GANGNEUNG, South Korea, Feb 10 (Reuters) - Switzerland’s Alina Muller almost single-handedly spoiled Korea’s Olympic unity moment on Saturday, scoring four goals to power the Swiss to an 8-0 win over Korea’s unified women’s ice hockey team.
The game, played before South Korean President Moon Jae-in and North Korean leader Kim Jong Un’s younger sister, was the first ever played by a Korean hockey team at the Olympics.
It drew international attention for featuring players from both North and South Korea, who wore white jerseys with an image of a united Korean peninsula emblazoned in pale blue.
There was a carnival atmosphere as the near-capacity crowd cheered hard for their home team from the moment the puck dropped and roared each time a Korean player held possession. Some 100 North Korean cheerleaders were on hand, decked in red track suits, leading chants for the spectators and singing North Korean pop songs.
In addition to Moon and Kim’s sister Kim Yo Jong, the game was attended by Kim Yong Nam, North Korean titular head of state, and International Olympic Committee (IOC) President Thomas Bach. Earlier on Saturday, Kim invited Moon for talks in Pyongyang, setting the stage for the first meeting of Korean leaders in more than 10 years.
The countries are still technically at war since a 1953 armistice, though they have resumed talks after a year-long standoff between North Korea and the United States in which an exchange of threats between the heads of state elevated tensions and prompted the North’s continued missile and nuclear tests.
The Korean fans’ enthusiasm for Saturday’s game was not dampened by the scoreline, as many saw it marking progress toward peace on the Korean peninsula and hundreds of spectators waved unification flags.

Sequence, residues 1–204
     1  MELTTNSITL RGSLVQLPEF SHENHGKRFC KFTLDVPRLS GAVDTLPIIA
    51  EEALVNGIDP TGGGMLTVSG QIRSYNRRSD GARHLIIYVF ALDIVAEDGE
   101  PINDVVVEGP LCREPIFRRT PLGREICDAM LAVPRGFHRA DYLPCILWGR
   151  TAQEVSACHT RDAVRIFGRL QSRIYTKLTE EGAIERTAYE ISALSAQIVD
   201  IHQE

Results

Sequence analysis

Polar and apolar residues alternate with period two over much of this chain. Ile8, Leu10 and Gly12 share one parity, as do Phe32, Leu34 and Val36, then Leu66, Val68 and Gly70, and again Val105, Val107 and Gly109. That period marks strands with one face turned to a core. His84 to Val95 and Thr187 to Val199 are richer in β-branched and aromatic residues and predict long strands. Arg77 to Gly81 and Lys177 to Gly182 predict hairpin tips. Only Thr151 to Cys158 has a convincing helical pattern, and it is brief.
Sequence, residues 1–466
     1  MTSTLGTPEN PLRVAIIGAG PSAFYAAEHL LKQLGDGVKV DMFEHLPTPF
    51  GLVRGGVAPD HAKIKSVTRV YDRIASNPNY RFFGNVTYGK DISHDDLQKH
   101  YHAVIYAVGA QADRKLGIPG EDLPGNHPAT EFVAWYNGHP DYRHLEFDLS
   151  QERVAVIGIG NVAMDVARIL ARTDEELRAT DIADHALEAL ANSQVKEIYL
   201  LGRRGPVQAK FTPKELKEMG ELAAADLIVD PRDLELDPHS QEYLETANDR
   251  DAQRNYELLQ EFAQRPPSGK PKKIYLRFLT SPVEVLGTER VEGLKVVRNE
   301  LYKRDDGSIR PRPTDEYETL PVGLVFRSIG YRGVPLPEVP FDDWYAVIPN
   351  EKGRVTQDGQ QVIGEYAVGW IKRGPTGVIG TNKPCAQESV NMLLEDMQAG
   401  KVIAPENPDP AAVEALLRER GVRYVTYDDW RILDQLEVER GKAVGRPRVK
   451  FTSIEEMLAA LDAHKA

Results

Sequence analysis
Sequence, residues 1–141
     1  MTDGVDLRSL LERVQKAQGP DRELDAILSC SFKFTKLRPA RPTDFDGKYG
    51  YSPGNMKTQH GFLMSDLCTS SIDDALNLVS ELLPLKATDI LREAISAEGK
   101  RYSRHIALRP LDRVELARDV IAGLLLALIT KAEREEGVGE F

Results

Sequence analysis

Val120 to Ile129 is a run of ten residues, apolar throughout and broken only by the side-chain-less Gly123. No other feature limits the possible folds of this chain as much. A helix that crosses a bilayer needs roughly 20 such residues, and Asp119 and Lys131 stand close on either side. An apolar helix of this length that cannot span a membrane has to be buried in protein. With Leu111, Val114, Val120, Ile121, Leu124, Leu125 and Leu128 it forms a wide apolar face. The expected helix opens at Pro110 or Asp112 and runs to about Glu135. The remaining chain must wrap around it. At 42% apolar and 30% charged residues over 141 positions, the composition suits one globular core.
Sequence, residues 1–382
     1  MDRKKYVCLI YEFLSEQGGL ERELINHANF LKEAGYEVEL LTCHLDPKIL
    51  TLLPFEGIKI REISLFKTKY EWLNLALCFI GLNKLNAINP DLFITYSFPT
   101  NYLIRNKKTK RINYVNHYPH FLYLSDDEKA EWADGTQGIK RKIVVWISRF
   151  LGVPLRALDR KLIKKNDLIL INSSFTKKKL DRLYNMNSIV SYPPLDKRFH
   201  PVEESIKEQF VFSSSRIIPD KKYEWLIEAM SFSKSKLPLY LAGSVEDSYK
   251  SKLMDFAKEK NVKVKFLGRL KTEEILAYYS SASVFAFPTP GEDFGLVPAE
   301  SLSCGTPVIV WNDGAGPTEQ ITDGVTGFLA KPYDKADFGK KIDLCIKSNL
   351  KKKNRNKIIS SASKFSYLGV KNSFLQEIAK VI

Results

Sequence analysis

“I feel really good and touched. I feel fortunate to see a historic game. This will contribute to inter-Korean peace,” said Jang Sung-ho, who came to watch the games with his seven other family members.
“It is a historic game. This small step will pave the way for inter-Korean peace,” 44-year-old office worker Oh Eun Seok said.
In the game itself, the Koreans proved no match for a Swiss team ranked sixth in the world by the International Ice Hockey Federation and winners of a bronze medal four years ago in Sochi, Russia.
Switzerland went up 1-0 midway through the first period with a short-handed goal when Muller broke up the left wing and ripped a wrist shot under the glove of Korean goalie Shin So Jung. By the end of the period she would have a hat trick, netting her third with just 12 seconds remaining in the period.
Muller scored her fourth early in the second period. Phoebe Staenz and Lara Stalder added two goals each to round out the Swiss scoring.
In all the Swiss peppered Shin with 52 shots, and she stopped 44.
The Korean chances were few, and they managed just eight shots on goal.
They missed a chance to take an early lead when forward Han Soojin broke into the Swiss zone on a breakaway and beat netminder Florence Schelling but then ricocheted her shot off the cross bar.
Korean coach Sarah Murray, a 29-year-old Canadian, dressed three of the 12 North Korean players assigned to her team for the game — forwards Kim Un Hyang, Jong Su Hyon and Hwang Chung Gum. To accommodate the North Koreans, she scratched three of her South Korean players — Lee Eunji, Lee Yeon Jeong and Jung Siyun.
North Korea’s Jong had one of the team’s eight shots on the night.
After the game, Moon and the two Kims came down to the Korean team bench to meet and speak with the players gathered on the ice as the cheerleaders sang in the background. They then posed for a team photo with the players sitting or kneeling on the ice and the dignitaries behind them on the bench. (Editing by Clare Fallon)